[ Noah White writes: ]
> I'm trying to set up a list from which only certain people can post
> to. I set it up such that in the config file it looks for a file to get
> a list of authorized addresses. In doing so I noticed that X-Sender
> gets tacked on to the headers and that anyone with Netscape can forge
> this address nullifying any protection this gives.
Resend doesn't pay any attention to X-Sender.
> So I decided to use the approval header as a further protection.
> This works but I've come across a broader flaw in that in the Recieved
> header shows what the outgoing alias is. Anyone who wishes to post to
> the list could bypass the resend alias and go directly to the outgoing
> aliases (which as I said it posted in the Recieved header). Thus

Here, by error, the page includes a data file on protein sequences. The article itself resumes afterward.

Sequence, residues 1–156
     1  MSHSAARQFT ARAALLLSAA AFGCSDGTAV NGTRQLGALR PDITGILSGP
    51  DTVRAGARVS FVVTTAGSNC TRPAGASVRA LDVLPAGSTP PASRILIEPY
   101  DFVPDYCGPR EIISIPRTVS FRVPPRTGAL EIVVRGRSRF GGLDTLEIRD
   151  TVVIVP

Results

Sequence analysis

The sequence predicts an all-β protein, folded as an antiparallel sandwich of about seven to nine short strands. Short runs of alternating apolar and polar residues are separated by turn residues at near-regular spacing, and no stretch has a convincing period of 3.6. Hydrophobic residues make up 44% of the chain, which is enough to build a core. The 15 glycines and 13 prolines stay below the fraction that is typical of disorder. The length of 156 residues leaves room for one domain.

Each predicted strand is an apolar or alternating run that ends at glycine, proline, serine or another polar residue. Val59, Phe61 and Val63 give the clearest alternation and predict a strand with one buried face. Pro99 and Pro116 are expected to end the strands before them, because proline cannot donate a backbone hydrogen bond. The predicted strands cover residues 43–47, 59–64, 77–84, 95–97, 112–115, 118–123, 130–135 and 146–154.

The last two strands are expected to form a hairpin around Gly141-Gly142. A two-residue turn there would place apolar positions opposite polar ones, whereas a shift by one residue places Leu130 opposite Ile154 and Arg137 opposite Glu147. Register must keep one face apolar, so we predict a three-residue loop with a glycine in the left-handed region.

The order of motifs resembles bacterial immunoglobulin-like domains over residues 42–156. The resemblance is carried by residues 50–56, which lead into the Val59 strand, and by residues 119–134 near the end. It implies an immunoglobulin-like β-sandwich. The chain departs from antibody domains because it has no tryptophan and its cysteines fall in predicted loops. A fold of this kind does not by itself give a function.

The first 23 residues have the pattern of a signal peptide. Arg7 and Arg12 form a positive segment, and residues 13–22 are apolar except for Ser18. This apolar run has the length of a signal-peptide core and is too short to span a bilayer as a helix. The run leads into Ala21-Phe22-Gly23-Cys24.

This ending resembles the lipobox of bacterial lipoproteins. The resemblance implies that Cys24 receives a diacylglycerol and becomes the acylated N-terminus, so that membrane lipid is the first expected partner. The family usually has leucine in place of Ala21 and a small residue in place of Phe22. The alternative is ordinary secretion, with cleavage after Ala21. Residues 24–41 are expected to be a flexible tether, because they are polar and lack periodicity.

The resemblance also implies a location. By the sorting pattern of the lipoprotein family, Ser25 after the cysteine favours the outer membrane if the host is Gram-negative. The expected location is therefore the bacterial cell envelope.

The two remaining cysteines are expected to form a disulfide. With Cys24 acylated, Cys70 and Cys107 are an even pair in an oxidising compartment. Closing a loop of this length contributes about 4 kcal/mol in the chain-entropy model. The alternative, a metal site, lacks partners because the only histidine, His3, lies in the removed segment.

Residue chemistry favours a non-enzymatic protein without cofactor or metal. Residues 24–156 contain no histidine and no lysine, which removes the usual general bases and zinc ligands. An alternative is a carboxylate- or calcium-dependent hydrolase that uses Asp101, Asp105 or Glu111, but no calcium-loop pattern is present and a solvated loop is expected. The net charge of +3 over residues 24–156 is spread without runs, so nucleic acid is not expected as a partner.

> bypassing all checks.
Note that if you put the Approval header in the body and don't provide a
subsequent To header (in the body, separated from the real body by a
blank line) you'll get Apparently-To headers. Stick with restrict_post.
> Is there any whay to protect from this?
[ This is a canned message ]
Here's how you hide your actual mail list alias from list spammers:
1. Pick a non-obvious outgoing list alias name, e.g. "testlist-uzpl"
instead of "testlist-outgoing".
2. Turn off EXPN and VRFY in sendmail.cf (Opnoexpn,novrfy).
3. Use a parameter file for resend parameters:
testlist: "|/.../wrapper resend @/.../testlist.parms"
4. In the parameter file, specify more recipients than just the
outgoing list alias, e.g.:
(Don't forget to alias "nobody" to /dev/null.)
5. Don't allow any more file permissions than absolutely necessary on
any of the Mj files and/or don't allow user logons on the Mj server
machine and don't export the file system where the Mj files live.
I.e., is it *really* necessary to have world read permissions on
anything but the subscriber list file itself? I get along fine with
0660 on all the list.* files and 0664 on the list files.
Dave Wolfe *Not a spokesman for Motorola*
Motorola MMTG 6501 Wm. Cannon Dr. W. OE112 Austin TX 78735-8598